The Cortex-M0 is an ultra low power 32-bit microcontroller core designed by ARM. It is intended for use in embedded systems requiring high efficiency and low cost. The Cortex-M0 implements the ARMv6-M architecture, which includes support for managing interrupts through a Nested Vectored Interrupt Controller (NVIC).
When an interrupt occurs on the Cortex-M0, the processor will stop executing the current program and instead execute an Interrupt Service Routine (ISR) to handle the interrupt. The NVIC allows prioritizing and nesting of interrupts, so that more critical interrupts can preempt less critical ones. This helps ensure timely response to important external events.
Interrupt Priority Levels
The NVIC in the Cortex-M0 supports up to 32 external interrupt inputs. Each interrupt input can be assigned a priority level from 0 (highest priority) to 3 (lowest priority). The priority levels allow higher priority interrupts to preempt lower priority ones.
When multiple pending interrupts have the same priority level, they will execute in order of arrival. For example, if two level 2 interrupts are pending, the one that arrived first will execute first. If an interrupt arrives while another is executing, it will pend until the current one finishes.
Default Priority Levels
By default, all Cortex-M0 interrupt inputs are assigned priority level 0, the highest priority. This means that by default, all interrupts are treated equally. If multiple interrupts arrive at the same time, the order they will execute is basically unpredictable.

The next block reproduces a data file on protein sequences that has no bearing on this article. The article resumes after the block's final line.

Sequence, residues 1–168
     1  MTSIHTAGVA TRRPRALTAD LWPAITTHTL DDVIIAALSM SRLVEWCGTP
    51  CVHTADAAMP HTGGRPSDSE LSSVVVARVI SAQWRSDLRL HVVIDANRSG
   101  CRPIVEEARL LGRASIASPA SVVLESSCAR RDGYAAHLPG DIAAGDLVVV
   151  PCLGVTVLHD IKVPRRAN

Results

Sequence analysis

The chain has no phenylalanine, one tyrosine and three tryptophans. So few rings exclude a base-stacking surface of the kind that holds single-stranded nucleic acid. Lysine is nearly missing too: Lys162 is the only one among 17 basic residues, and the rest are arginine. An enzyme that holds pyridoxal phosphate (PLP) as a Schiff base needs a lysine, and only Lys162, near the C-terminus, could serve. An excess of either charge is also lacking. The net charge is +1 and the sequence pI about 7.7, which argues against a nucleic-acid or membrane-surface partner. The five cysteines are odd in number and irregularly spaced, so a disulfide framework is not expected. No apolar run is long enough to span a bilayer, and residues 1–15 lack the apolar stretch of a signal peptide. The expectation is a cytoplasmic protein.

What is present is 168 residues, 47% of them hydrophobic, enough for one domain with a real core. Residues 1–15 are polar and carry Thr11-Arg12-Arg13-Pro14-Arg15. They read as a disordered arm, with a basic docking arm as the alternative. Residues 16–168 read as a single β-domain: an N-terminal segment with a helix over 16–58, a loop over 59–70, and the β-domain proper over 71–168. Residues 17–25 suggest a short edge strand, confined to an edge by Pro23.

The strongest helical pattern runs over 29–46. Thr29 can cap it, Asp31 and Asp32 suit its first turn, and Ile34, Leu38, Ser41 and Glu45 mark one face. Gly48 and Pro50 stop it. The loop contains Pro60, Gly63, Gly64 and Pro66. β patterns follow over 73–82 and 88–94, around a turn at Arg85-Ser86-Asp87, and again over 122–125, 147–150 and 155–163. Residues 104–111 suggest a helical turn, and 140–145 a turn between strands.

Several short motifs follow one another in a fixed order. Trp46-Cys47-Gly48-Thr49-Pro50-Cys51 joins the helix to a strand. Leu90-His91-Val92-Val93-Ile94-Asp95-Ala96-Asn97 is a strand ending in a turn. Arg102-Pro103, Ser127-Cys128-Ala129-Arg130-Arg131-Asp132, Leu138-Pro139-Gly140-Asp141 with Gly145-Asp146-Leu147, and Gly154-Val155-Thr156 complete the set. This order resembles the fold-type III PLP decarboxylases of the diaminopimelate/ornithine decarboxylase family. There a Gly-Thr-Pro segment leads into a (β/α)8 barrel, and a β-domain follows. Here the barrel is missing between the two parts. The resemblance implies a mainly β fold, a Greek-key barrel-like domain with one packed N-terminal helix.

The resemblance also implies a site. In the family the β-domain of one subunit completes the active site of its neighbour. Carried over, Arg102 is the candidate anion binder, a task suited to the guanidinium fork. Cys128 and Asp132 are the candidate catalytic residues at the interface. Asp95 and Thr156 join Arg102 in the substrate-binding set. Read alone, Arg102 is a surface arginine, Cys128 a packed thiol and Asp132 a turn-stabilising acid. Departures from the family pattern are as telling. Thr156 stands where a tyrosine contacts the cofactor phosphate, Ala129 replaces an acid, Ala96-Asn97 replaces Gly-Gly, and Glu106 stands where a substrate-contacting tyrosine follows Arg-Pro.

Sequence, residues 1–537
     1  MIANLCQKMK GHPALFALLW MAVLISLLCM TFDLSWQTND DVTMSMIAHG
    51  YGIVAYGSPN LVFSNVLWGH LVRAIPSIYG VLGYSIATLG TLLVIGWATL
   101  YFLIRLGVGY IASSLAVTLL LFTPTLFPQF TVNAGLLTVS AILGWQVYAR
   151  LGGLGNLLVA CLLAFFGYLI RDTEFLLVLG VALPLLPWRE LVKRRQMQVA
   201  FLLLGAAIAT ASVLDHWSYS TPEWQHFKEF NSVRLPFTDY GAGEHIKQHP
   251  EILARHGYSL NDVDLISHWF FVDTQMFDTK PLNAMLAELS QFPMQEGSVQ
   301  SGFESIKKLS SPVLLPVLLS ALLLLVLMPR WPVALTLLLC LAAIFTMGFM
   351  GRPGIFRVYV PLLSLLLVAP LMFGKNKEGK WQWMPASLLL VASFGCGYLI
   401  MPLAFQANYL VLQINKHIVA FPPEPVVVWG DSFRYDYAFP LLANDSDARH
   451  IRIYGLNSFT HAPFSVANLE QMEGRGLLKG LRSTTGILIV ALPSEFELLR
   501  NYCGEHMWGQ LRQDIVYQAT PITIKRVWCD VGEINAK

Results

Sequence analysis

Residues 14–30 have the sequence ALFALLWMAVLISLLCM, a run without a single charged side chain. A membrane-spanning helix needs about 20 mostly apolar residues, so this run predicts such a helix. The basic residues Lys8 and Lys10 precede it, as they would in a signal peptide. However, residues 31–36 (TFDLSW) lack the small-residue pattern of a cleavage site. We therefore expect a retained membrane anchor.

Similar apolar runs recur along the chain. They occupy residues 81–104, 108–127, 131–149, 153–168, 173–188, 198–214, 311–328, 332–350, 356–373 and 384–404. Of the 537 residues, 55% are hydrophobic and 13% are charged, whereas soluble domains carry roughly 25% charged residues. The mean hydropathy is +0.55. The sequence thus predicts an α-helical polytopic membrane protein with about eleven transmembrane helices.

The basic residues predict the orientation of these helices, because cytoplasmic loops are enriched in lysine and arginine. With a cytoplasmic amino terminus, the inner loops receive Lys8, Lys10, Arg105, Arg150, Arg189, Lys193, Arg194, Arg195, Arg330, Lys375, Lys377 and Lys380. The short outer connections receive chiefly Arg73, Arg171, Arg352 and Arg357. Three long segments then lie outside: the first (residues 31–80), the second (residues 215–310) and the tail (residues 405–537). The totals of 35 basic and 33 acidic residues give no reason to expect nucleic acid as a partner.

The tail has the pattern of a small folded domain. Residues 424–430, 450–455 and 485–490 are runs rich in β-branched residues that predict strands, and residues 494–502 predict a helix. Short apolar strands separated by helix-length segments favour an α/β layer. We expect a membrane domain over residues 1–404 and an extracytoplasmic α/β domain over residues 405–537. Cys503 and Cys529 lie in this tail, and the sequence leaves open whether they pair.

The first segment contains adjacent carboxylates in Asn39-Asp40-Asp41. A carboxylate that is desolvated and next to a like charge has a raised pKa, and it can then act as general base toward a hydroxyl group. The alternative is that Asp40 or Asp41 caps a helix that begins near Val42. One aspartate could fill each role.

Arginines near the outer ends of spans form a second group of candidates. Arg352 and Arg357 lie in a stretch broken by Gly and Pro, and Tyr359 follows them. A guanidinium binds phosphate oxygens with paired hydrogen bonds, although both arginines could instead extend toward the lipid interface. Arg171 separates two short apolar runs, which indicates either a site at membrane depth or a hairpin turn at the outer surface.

To prioritize interrupts appropriately for a given application, the firmware needs to explicitly assign priority levels other than 0 to at least some interrupts. This allows distinguishing critical interrupts from less important ones.
Setting Priority Levels
There are a few ways to set the priority level for a Cortex-M0 interrupt in firmware:
- Directly write to the Priority Registers in the NVIC. There is one 8-bit register for each interrupt input. The upper bits of the priority register contain the priority level.
- Use the NVIC_SetPriority() function provided by ARM CMSIS libraries. This provides a simpler interface to set the priority level for a specific interrupt.
- Set priority levels at compile time by providing directives in the vector table. This hard codes priority levels rather than setting them in runtime firmware.
The first two options allow changing priorities dynamically at runtime, while the vector table approach fixes the priorities at compile time.
Premption of Lower Priority Interrupts
A key feature of the Cortex-M0 NVIC is the ability of higher priority interrupts to preemptlower priority ones. When a pending interrupt’s priority is higher than the currently executing interrupt, it will trigger a context switch.
This context switch involves automatically saving processor state of the current interrupt, then loading the state of the higher priority interrupt and executing its ISR. When the higher priority ISR finishes, the lower priority context is reloaded and execution resumes.
This preemption capability is important for meeting real-time requirements in embedded systems. The highest priority interrupts can interrupt at any point to be serviced immediately. This allows rapid response to important external events detected by the interrupts.
The Cortex-M0 provides flexibility in managing preemption of interrupts. There are a few different ways preemption can be controlled:
- Set priority levels appropriately – higher priority interrupts will always preempt lower priority ones.
- Disable interrupts globally – no preemption will occur while interrupts are disabled.
- Disable preemption explicitly – prevents context switch but allows interrupt detection.